Like a broken record, progressives have repeated for years that we need to work together and coordinate beyond our traditional divides and “silos.” It is common knowledge. Yet after all these years, effective collaboration, where the whole adds up to more than the sum of its parts, is the exception rather than the rule.
Meanwhile, the stakes have increased. More now than ever, the complex and interconnected challenges we face require us to work together in new ways. People and the planet urgently need concerted action from every corner of our society.
Last month we shared some inspiring examples of unusual allies working in greater collaboration and alignment across progressive movements. While promising, these collaborations present real challenges for leaders who often need to learn new ways to build relationships, alignment, shared strategy, and organizational and campaign structures with diverse constituencies.
We are not taught these skills and practices in school or in most jobs, or even in most traditional leadership development efforts. Mainstream North American culture values competition over cooperation, and that shows up even in the progressive sector.
The great news is that there are some very smart people working to figure this out and they’re sharing their learning. One of our roles in this space is to partner with willing leaders and connect them with tools, methodologies and practitioners to accelerate their practice towards ever more effective collaboration.
Here are just a few of the folks who are moving the ball forward:
STP advisor and consultant Idelisse Malavé recently introduced a group of cross-movement leaders to Emergent Learning maps; a technique that supports groups to reflect on their experiences and test strategic assumptions together.
Joe Hsueh uses systems mapping to help groups answer questions like “How is my success depending on your success?” and “Might there be a deeper shared aspiration that can bring us together?”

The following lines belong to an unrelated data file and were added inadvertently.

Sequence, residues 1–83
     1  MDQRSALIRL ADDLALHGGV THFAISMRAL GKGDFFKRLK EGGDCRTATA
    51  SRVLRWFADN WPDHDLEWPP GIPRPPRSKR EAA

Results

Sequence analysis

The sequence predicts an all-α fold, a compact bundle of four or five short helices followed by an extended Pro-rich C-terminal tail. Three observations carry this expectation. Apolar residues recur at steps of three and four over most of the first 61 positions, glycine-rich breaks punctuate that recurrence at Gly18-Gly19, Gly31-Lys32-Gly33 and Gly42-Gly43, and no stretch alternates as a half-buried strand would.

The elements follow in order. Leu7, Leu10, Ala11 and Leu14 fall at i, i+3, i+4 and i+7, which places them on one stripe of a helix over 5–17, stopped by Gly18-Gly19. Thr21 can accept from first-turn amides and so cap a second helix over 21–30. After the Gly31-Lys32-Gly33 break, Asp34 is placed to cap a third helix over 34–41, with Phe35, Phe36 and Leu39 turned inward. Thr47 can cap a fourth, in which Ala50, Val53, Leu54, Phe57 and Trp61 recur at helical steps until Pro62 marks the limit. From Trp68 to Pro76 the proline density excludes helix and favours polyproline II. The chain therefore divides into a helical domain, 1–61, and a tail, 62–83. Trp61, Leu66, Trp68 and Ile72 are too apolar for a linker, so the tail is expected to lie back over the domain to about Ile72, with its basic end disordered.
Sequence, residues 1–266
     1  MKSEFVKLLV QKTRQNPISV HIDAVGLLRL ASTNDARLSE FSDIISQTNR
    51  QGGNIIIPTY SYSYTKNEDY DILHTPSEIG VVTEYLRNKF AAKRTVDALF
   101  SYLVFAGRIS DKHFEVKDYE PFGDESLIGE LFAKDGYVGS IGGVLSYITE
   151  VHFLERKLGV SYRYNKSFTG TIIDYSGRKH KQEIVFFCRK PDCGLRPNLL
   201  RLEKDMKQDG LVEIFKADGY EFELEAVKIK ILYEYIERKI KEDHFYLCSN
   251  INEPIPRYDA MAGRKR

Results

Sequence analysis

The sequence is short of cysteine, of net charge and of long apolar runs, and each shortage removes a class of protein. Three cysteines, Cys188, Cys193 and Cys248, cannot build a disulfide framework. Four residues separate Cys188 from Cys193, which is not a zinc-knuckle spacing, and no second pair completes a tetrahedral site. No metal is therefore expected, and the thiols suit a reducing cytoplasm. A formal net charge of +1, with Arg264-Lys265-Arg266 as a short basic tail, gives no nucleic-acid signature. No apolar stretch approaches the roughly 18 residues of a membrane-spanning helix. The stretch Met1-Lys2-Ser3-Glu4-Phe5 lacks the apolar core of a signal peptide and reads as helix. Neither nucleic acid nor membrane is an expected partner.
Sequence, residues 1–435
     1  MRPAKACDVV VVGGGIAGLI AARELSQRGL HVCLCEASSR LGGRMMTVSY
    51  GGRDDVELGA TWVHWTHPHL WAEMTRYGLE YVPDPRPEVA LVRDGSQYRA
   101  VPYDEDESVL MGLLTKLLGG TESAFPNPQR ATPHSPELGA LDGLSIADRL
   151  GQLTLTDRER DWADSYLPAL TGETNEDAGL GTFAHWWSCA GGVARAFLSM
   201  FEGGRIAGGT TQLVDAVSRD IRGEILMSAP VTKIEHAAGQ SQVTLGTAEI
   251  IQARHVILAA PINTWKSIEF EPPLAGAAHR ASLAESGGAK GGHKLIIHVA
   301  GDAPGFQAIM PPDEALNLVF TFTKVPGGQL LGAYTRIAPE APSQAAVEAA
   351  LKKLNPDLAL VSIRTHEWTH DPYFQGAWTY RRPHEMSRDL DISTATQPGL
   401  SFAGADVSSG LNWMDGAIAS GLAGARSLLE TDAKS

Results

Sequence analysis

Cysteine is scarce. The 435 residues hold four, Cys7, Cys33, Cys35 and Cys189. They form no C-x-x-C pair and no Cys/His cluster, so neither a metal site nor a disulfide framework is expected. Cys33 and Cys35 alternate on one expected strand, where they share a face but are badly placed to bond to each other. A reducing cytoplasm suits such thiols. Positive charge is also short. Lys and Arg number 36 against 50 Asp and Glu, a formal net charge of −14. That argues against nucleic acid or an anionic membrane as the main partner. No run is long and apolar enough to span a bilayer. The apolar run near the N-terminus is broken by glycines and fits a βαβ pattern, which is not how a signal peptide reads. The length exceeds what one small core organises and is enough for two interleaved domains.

Beth Tener is a network facilitator and organizational consultant sharing her learning through her blog.
Rick Reed and Ruth Rominger of the Garfield Foundation are demonstrating ways that funder-grantee networks can work together better and increase their impact.
Beth Kanter is a prolific blogger and thought leader focused on digital networks, and author of The Networked Nonprofit.
Madeleine Taylor, Peter Plastrik, and John Cleveland wrote an important book, Connecting to Change the World, with an accompanying blog. Their site has a great list of network resources.
The Garfield foundation, with Eugene Kim as facilitator, recently convened their second workshop for network practitioners, where people from across the social change sector shared best practices and swapped tools. This gathering was part of my inspiration for this post. The focus of the convening was “the art of the start”: the scoping, trust-building, shared analysis-building phases of creating collaborative networks.
Here is a snapshot of the learning from that convening:
We’ll continue to share our insights and learning as we go, and would love to hear from you. Tell us in the comments, what are you learning about networks and collaboration? Who are you working with? What resources are you finding useful?